Judge extends temporary restraining order halting demolition of Our Lady of Loreto

May 9, 2017 By Lore Croghan Brooklyn Daily Eagle
This is Our Lady of Loreto, which Catholic officials have targeted for demolition. Eagle file photo by Lore Croghan
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Don’t touch that historic church.

At a hearing Tuesday in state Supreme Court in Brooklyn, Justice Ellen Spodek extended a temporary restraining order that halts the demolition of Our Lady of Loreto in the Ocean Hill section of Brownsville.

Justice Spodek will be issuing a decision in the next couple weeks concerning the suit, which was filed in late April by former parishioner Jillian Mulvihill. It seeks a permanent stop to the demolition of the vacant neoclassical Roman Renaissance-style church at 126 Sackman St. by Catholic Charities Progress of Peoples Development Corp. The city Buildings Department had issued demolition permits for the property in March.

The Catholic charity intends to construct 40 units of low-income housing and a “community space” on the site of the demolished church, Richard Coppola, a partner at Cullen and Dykman LLP, said during the hearing.

Coppola represents Catholic Charities Progress of Peoples Development Corp. (POP) and the Roman Catholic Diocese of Brooklyn, which is also a defendant in the suit.

The Brownsville Cultural Coalition, of which Mulvihill is a member, has been campaigning to have Our Lady of Loreto designated as a city landmark and turned into a neighborhood cultural center. The group has the support of elected officials including state Assemblymember Latrice Walker (D-Brownsville) and state Sen. Tony Avella, a Democrat from Queens with a track record of supporting preservationist causes.  

The Catholic charitable organization holds a 53-year lease on the church building with an option to extend the lease term to 99 years.

In 2013, POP called for a request for proposals (RFP) for the adaptive reuse of the church, and received only one response.

Chris Slowik, a partner at Klein Slowik PLLC who is representing Mulvihill, asserted during the hearing that the Catholic charity “did not engage in good faith” with the RFP respondent. He was deemed ineligible because he wanted to use the church building for religious purposes.

Coppola, the Catholic charity’s attorney, said during the hearing that POP did make a good-faith effort in handling the request for proposals process.

A rectory was demolished, and low-income housing was built  

Both the cast-stone church and a rectory that stood next to it were deemed eligible for listing on the State and National Registers of Historic Places.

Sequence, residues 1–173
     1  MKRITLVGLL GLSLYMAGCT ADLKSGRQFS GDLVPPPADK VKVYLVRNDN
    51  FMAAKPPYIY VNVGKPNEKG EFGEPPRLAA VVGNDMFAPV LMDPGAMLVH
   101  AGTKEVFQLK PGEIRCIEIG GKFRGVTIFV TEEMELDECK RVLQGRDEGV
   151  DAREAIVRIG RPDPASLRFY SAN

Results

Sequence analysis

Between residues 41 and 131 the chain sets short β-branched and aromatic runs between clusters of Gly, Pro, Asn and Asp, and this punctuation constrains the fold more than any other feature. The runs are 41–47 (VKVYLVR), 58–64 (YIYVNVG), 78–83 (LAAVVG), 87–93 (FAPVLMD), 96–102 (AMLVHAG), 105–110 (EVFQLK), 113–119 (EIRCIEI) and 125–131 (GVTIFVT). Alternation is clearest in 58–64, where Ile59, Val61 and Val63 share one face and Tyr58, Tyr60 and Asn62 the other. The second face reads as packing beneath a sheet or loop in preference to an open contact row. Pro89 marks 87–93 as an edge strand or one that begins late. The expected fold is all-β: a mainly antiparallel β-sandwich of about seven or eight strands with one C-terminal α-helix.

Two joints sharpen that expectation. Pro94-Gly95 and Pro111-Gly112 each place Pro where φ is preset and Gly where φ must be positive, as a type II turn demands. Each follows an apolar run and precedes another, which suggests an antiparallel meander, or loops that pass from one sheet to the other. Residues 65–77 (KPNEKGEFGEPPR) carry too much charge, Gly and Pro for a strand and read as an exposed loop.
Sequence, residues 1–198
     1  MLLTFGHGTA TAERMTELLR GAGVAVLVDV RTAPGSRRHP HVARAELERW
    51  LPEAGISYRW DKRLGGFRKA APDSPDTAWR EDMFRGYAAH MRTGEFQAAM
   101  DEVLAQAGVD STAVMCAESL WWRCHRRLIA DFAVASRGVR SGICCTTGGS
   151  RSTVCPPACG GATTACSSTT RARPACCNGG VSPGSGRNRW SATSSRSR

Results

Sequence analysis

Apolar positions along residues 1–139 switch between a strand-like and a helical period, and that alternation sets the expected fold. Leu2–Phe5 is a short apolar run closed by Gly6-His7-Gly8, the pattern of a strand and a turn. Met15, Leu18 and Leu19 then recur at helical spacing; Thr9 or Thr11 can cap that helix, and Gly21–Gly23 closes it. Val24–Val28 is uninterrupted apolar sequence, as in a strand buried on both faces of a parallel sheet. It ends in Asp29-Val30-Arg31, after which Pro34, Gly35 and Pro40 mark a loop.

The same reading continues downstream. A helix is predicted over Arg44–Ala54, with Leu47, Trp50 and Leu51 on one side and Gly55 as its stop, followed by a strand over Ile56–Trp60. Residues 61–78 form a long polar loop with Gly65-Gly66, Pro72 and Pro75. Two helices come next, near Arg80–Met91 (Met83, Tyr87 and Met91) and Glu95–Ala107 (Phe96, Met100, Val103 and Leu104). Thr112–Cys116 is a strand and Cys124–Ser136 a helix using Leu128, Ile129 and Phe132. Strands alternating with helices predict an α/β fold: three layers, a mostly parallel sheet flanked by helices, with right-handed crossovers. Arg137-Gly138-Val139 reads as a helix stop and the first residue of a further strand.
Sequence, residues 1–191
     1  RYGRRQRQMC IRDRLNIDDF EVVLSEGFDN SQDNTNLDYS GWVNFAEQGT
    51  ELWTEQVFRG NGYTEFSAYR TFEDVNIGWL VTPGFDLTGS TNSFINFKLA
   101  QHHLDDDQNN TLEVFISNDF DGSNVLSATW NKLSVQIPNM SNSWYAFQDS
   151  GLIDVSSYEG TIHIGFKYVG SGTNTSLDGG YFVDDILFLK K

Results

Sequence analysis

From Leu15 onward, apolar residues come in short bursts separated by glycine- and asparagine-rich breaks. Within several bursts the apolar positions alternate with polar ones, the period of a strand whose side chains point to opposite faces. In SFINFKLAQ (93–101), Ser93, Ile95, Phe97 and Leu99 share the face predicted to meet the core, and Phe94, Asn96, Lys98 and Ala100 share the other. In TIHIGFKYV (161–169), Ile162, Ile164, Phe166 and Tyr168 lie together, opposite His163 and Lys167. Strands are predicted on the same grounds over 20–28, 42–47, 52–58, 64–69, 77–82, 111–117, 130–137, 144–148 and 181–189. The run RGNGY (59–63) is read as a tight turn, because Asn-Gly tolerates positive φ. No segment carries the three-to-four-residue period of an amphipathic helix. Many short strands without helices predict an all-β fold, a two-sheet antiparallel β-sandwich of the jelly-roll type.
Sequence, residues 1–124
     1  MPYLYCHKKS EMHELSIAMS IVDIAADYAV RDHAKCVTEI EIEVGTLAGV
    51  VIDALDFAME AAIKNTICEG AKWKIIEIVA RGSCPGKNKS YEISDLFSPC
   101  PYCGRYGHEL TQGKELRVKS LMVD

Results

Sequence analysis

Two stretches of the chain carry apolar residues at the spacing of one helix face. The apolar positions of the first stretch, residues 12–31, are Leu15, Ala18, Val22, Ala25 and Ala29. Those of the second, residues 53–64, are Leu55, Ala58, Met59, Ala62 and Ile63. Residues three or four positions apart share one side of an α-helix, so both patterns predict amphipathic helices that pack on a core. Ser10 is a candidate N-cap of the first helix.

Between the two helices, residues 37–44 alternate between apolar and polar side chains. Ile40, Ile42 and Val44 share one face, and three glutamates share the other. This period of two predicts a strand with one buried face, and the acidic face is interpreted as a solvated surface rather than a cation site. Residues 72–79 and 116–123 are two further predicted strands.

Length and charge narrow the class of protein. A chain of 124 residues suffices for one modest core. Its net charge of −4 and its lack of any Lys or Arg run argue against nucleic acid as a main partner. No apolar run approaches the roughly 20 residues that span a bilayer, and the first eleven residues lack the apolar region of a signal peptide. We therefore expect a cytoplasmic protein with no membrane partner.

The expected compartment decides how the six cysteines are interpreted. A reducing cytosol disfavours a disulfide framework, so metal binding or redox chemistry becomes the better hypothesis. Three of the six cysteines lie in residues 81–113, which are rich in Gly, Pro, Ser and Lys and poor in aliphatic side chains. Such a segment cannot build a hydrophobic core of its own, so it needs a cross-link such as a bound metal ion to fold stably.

In 2010, the Catholic charity, the state Office of Parks, Recreation and Historic Preservation and three government housing agencies signed a letter of resolution stipulating that the church building would be spared from demolition and POP would be allowed to tear down the rectory and build low-income housing adjacent to the church building.

A 64-unit low-income apartment complex called Catholic Charities Monsignor Anthony J. Barretta Apartments was constructed.

‘A living piece of history’

After the hearing ended, Mulvihill told the Brooklyn Eagle, “I have found more inspiration in state Supreme Court than I have in any Catholic church since Loreto closed. Loreto was the only Catholic church I found inspiring.

“I want us to leave Loreto to the next generation of immigrants to be their cultural center and source of inspiration,” she added.

Our Lady of Loreto was built as a place of refuge for Italians when they were a downtrodden immigrant group in New York City. The architect who designed the church, Adriano Armezzani, was an Italian immigrant. The church’s builder, sculptor, interior decorator and painter were also Italian immigrants.

Songwriter Harry Warren, who wrote “Chattanooga Choo Choo” and the Dean Martin hit “That’s Amore,” was a choirboy at Our Lady of Loreto. Warren’s real name was Salvatore Guaragna.

“The church is irreplaceable. It’s a living piece of history,” Mulvihill’s lawyer, Slowik, told the Eagle after the hearing ended.

“It’s a testimony to the spirit of Italian immigrants who built it with their own hands,” he said. “I’m moved that the current residents of the neighborhood have embraced its history and want to use it as a place for the community to come together.”


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